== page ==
Re: References to apes talking to themselves

t (Mario.Vaneechoutte@rug.ac.be)
Tue, 22 Jun 1999 08:23:29 +0200

From: <Mario.Vaneechoutte@rug.ac.be>
Date: Tue, 22 Jun 1999 08:23:29 +0200
To: memetics@mmu.ac.uk
Subject: Re: References to apes talking to themselves

Great examples Mark, thanks.
But I was asking for chimps without learned language talking to themselves.
After you learned them words, they can talk to themselves. How would they do
without words? I can't imagine.

We have a tame magpie now at home. Whenever he is engaged in new discoveries
(and on his own) all kinds of funny noises are made, a vocabulary of at least
15 different sounds. Not when Nero (that's the name) notices that he is
observed however.
Is this talking to himself? I'd swear, but there can't be much structured
thought in it, I guess.

Mark Mills wrote:

> As promised, here are some references to apes talking to themselves after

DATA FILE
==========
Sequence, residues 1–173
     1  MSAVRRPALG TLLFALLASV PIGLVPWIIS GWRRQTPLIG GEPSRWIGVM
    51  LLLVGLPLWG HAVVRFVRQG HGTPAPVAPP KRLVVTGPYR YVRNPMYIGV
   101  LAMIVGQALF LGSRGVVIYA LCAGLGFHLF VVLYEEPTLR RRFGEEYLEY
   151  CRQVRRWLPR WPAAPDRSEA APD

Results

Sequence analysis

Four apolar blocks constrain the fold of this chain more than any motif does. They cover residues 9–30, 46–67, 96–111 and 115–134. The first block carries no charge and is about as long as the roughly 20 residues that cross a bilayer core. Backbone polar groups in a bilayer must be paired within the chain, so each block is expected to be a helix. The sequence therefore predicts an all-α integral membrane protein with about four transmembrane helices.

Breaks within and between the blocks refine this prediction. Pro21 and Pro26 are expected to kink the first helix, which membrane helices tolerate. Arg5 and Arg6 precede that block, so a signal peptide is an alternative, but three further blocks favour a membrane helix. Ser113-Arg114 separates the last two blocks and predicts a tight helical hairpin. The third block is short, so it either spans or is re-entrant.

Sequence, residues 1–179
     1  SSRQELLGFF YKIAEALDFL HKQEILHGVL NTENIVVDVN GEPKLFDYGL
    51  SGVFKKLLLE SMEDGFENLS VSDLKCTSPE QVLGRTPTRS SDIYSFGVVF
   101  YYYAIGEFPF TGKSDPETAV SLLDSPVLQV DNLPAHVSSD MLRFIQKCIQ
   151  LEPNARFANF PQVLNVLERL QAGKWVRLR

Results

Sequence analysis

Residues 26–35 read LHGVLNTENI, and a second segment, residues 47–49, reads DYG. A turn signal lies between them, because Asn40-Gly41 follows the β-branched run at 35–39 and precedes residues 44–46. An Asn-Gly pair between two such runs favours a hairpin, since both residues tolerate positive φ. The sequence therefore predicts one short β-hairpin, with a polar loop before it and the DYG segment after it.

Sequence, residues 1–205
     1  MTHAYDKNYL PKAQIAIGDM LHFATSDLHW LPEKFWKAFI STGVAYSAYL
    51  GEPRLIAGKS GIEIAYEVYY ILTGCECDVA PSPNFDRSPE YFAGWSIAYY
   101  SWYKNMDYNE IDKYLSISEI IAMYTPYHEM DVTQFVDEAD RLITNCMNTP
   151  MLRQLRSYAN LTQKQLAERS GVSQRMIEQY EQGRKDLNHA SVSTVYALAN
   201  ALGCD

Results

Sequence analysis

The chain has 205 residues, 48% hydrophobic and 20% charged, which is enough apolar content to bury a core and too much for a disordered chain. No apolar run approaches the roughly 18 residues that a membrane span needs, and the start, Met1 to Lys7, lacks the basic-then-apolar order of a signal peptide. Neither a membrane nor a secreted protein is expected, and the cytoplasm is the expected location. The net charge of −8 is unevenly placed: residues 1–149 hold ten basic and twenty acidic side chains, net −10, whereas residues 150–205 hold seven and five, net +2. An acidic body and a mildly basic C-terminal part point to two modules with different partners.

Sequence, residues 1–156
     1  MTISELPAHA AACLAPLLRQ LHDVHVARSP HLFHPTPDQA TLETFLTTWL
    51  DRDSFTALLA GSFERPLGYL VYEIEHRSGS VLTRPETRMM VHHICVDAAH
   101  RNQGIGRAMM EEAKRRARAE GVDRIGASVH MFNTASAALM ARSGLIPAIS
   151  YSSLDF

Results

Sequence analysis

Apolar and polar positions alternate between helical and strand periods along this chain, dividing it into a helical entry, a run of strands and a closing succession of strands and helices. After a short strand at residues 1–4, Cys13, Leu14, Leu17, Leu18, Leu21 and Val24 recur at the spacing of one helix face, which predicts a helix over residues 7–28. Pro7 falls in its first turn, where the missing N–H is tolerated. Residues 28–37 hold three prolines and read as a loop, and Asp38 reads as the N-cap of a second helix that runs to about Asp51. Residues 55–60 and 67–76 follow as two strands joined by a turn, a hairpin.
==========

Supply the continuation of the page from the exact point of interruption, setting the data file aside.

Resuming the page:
> acquiring a human sign system:
>
> 1. Apes, Language, and the Human Mind, by E. Sue Savage-Rumbaugh, Stuart
> Shanker, Talbot J. Taylor, Sue Savage-Rumbaugh, 288 pages (June 1998)
>
> With photos of Kanzi talking to himself [pg 50-52]:
>
> "Kanzi also talks to himself, particularly at nap time or other quiet
> periods of the day. He does this by picking up the keyboard [Kanzi talks
> by pointing to icons on a board], moving a short distance away from the
> rest of the group and turning his back. He then scans the board and
> touches particular lexigrams. If I try to look over his shoulder to see
> what he is saying, he generally picks up the keyboard and moves further
> away. At times, he touches symbols, then glances over his shoulder to
> look at me, as though he wants me to see that he is talking, but does not
> want me to see what he is saying. Occasionally, I can catch glimpses of
> his comments, but if I try to talk about it with him, or make a comment
> on what his is saying, he seems to find this disturbing and he will
> either quit talking to himself or move completely out of sight. When I